Again, it is interesting to see how close reality is to the mathematical curve.
For each generation, a familiar diffusion curve appears. Enough for us to be able to make predictions on production volumes, or service size, for innovations. Assuming we are accurate with our expected market size.
Additionally, we can see that the next incremental innovation was launching into the early adopters around the time the existing generation was drifting to the end of the late majority. This gives us an insight into the timing of innovation launching. Useful to keep in mind.
Do price and other attributes affect the model?
We don’t take account of price changes, advertising effort, or so on in the standard Bass Model. These variables can be called decision variables. And in Bass et al.’s paper “Why the Bass Model Fits without Decision Variables” a Generalised Bass Model is derived that takes account of decision variables.
I won’t go into that paper in this article. But, suffice to say, you can take account of decision variables in Bass’ model (the generalised version). And, if there are no decision variables to consider, then the generalised model reduces to the standard Bass Model.
You can find a more comprehensive discussion of the marketing mix influence on diffusion in the article “Modelling The Marketing-Mix Influence In New-Product Diffusion“.
Uses of diffusion models
We’ve seen a couple of applications of diffusion models above. In the book “New-product diffusion models” several more uses are identified in Table 1.1 on page 7. The article breaks down these use cases into two parts of the lifecycle: pre-launch & launch, and post-launch. And references are given to papers that back up the thinking.
Pre-launch & launch
As we have already seen, we can use diffusion models for product forecasting. What is the total number of sales expected? What and when is the expected peak. Therefore, we can model and understand supply chain needs. Minimising the risk of us overproducing and left with unsaleable stock.
We can also use the models to help with sampling. Which is the act of giving samples away to consumers in return for, hopefully, positive internal influencing. But how do we know how many samples to give, and to who to give them to? Diffusion models can help.
We have also already seen one post-launch use of diffusion models. When we touched on using them to model multi-generation innovations. We can use them to help identify the best timing to launch the next generation.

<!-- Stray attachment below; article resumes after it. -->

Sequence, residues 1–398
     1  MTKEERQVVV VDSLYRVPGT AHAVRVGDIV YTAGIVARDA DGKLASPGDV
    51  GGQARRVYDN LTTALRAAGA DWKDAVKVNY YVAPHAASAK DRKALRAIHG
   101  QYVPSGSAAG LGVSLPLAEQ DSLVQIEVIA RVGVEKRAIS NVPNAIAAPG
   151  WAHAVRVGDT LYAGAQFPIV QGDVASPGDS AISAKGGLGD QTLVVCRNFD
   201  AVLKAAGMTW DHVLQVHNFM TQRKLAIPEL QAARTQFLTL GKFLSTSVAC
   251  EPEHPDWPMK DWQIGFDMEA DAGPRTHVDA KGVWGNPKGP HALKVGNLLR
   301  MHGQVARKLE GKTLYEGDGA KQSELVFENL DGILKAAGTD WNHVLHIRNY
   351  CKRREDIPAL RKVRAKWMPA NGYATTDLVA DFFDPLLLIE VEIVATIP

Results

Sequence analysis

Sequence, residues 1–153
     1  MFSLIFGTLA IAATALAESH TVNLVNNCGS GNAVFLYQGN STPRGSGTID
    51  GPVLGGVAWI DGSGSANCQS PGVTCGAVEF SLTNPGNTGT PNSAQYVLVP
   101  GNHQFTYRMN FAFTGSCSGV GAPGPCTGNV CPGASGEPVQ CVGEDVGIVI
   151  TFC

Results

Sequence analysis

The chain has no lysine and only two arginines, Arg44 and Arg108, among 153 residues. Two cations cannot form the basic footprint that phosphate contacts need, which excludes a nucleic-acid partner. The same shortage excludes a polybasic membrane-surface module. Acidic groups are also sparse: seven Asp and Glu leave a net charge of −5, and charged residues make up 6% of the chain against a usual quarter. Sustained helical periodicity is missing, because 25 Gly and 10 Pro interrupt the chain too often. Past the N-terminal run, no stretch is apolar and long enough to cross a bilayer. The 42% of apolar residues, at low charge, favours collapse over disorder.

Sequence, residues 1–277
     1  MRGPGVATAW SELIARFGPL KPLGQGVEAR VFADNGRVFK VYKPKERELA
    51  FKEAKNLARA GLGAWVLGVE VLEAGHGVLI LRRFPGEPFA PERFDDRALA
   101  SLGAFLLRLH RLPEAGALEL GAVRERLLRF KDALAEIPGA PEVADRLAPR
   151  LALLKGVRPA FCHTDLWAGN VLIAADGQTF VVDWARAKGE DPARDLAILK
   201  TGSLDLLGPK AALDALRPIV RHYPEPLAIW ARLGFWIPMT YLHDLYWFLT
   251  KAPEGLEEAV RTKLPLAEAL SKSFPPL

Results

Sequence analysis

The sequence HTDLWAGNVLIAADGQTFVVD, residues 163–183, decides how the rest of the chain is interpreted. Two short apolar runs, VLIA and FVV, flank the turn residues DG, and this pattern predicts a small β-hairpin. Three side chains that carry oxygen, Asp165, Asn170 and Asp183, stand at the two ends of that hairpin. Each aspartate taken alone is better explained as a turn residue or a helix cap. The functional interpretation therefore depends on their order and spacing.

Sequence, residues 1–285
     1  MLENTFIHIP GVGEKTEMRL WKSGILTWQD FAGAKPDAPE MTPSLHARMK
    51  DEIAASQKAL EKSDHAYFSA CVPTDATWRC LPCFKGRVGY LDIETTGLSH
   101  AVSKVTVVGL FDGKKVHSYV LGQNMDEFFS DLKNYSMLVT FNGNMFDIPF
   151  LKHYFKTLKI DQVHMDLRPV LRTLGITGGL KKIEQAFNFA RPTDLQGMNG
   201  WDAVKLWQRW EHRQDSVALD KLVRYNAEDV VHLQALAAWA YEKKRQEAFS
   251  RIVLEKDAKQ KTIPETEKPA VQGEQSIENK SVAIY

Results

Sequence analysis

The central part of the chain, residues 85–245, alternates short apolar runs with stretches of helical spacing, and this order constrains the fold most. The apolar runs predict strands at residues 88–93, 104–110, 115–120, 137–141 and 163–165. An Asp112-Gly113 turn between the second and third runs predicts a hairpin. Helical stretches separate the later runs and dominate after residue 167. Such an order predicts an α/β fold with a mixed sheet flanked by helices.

On the opposite end of oversupply is undersupply. We can use the diffusion model to help understand the waiting time if we undersupply the market. Or as the book puts it: “determination of the impact of capacity decisions on innovation diffusion”.
Two other, perhaps surprising, uses of diffusion models are to estimate pirated sales and losses of sales/market expansion due to patent infringements. Pirate sales, such as copying software, can be estimated by comparing actual sales to projections. And so can the impact of new entrant infringing patents. These need to be caveated with the model being correct. An incorrect model can incorrectly hint at pirating/infringement when it might just be your numbers were wrong.
We can even base the market valuation of a business on market penetration. Diffusion models give insight into what that penetration could be. And therefore help understand market valuations.
The final use suggested is as a tool for assessing market saturation and expansion opportunities for retailers.
Quite a useful tool, I hope you agree!
So, I think this is an advantageous model. And the set of papers referenced in this article are fascinating. But perhaps do not get the visibility deserved in the innovation community. For example, many can highlight Rogers’ 5 adopter types; fewer can draw the link to Bass’ model.
We have seen that under specific parameters, Bass’ model mimics Rogers adoption curve. Further, we saw that Bass’ model could be fit to a range of products sales data.
That also gives us the confidence to use the model as a prediction tool. And we saw that Bass did just that for colour TVs in the ’60s. Much to the anger of industry experts. His predictions were not far off; the industry’s predictions led to oversupply. Marketers have also used this approach to make predictions for “satellite television/telephone/radio, a new LCD projector, wireless telephones, and wireless Internet phones (3G)”.
To get predictions requires estimating the target market size and values for the coefficients p and q. Studies have given us average values and typical bounds on those coefficients. We can use these average values to check the relevance of our guesses.
Another useful empirical insight is the refinement of Rogers’ adopter type sizes from being standard deviations. We saw that innovators rather than being a standard, 2.5% are somewhere between 0.2 and 2.8%. Other adopter types similarly had ranges.
As a final note, Management Science’s 50th-anniversary edition noted Bass paper in the top 10 influential articles they had published.